A combination pressure cooker and multi cooker, there’s not much you can’t do with the Aviva from Sunbeam, priced at a smidge under $200. The large, easy to read control panel not only has a timer countdown, but also indicates the pressure level and current cooking mode. Choose from pressure, slow, rice, steam, brown, sauté, and simmer cooking, plus a time delay so you can set dinner to be ready exactly when you want it. The automatic keep warm function will kick in once a cooking cycle is complete so that your food stays ready to serve. Accessories included are a steaming rack, rice cup, rice spoon, and serving spoon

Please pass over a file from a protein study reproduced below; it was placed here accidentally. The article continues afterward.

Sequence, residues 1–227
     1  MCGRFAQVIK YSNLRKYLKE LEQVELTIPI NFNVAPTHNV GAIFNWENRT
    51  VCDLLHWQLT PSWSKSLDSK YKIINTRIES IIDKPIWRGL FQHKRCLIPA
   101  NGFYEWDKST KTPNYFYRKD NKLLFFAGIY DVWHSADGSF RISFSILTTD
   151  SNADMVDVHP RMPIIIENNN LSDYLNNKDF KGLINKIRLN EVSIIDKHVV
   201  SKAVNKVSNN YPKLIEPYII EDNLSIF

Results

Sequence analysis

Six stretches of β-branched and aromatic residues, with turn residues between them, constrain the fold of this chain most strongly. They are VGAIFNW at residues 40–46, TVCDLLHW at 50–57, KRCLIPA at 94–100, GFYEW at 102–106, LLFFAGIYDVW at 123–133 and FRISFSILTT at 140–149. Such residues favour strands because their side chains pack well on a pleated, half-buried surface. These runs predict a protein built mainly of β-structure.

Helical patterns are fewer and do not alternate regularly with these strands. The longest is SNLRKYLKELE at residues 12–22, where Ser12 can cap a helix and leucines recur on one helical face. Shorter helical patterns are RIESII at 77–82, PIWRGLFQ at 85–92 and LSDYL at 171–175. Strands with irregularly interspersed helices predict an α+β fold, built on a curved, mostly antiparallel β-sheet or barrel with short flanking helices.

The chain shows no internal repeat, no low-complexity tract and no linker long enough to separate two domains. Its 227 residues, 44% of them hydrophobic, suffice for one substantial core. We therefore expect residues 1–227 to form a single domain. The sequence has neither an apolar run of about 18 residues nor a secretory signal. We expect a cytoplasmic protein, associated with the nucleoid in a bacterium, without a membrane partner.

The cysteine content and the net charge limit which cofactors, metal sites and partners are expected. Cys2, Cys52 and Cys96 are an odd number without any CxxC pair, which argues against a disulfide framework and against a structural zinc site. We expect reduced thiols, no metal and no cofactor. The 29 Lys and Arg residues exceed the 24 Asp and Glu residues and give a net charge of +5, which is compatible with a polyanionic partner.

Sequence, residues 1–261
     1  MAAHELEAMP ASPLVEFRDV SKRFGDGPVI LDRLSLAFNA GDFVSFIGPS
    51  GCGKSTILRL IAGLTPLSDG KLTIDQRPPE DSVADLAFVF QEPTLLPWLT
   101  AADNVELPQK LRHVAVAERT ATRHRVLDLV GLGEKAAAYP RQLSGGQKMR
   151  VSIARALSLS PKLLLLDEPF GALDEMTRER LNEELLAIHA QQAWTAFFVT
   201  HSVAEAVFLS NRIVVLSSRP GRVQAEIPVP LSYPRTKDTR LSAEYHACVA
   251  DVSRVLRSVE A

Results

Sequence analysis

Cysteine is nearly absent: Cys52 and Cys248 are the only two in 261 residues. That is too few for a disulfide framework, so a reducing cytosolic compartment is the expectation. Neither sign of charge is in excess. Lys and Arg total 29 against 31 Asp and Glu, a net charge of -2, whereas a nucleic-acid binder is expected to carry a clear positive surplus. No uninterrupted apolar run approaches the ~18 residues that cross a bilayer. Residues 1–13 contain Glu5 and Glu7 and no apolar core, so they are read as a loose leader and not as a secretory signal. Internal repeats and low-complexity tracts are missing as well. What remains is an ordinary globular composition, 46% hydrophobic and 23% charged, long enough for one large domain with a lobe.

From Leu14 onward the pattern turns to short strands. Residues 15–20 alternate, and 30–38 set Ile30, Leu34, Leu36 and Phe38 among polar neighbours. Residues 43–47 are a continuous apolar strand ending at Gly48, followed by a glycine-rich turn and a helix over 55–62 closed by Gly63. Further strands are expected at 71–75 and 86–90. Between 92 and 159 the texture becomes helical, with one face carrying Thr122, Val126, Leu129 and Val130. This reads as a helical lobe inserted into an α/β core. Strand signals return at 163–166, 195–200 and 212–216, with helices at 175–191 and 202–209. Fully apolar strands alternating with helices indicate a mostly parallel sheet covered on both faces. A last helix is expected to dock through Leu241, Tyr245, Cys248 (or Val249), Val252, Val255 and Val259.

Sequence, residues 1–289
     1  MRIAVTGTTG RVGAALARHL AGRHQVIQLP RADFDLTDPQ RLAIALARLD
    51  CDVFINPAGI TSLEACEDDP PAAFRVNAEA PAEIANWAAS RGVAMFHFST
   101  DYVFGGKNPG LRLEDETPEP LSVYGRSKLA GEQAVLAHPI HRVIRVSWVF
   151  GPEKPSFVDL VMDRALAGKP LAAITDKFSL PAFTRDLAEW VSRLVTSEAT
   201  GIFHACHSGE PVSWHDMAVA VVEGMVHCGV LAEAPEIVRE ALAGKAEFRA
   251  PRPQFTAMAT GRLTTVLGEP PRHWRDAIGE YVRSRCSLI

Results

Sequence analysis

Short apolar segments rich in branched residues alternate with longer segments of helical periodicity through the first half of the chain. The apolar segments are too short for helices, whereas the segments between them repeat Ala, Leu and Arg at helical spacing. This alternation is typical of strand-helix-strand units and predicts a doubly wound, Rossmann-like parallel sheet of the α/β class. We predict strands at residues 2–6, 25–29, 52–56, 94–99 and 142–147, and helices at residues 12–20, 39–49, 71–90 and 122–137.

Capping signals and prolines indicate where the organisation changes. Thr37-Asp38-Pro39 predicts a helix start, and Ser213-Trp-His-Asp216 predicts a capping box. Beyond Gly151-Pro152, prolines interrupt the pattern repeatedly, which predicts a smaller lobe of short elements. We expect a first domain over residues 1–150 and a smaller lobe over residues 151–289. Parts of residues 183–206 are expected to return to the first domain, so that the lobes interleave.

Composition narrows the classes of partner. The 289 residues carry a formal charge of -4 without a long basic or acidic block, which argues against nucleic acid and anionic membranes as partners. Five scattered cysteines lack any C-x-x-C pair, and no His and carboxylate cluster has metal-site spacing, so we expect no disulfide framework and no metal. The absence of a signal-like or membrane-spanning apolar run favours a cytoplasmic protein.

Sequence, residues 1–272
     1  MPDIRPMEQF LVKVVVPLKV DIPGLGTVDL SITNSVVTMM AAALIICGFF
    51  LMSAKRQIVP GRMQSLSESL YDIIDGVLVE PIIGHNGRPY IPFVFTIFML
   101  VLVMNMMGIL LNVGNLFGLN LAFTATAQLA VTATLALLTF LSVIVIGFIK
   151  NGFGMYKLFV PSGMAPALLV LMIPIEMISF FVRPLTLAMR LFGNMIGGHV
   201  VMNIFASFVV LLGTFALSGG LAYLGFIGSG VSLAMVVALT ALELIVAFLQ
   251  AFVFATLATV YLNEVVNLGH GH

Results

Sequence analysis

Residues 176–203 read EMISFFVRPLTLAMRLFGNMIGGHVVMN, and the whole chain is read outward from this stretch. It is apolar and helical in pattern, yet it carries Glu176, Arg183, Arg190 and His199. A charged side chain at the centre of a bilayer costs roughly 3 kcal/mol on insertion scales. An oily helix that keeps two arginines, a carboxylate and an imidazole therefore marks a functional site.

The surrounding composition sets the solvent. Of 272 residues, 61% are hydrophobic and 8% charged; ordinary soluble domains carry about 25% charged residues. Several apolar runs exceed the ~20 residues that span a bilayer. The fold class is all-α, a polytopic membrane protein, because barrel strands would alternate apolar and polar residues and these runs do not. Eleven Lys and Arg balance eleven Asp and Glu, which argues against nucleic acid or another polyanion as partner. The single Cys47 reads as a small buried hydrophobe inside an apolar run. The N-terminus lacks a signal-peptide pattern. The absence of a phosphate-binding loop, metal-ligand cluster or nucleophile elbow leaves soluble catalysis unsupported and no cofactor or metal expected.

Philips Viva All-In-One Pressure Cooker

philips pressure cooker

This combination appliance can take care of a massive range of kitchen tasks. Choose slow cooking or sauté/sear with a low temperature and high temperature mode for each. You can also stew, bake or even prepare yoghurt in the 6L non-stick removable cooking bowl. With the keep warm, reheat and pre-set timers rounding out your controls, with just one appliance you can do the work of many. The automatic pressure release valve keeps the process under control without needing human help. The easy to detach inner lid makes cleaning a breeze, but you’ll need to pay a premium price for this Philips pressure cooker, roughly $230. Accessories included are a plastic steam tray, measuring cup, spatula and ladle.

Breville Fast Slow Pro Pressure Cooker

breville pressure cooker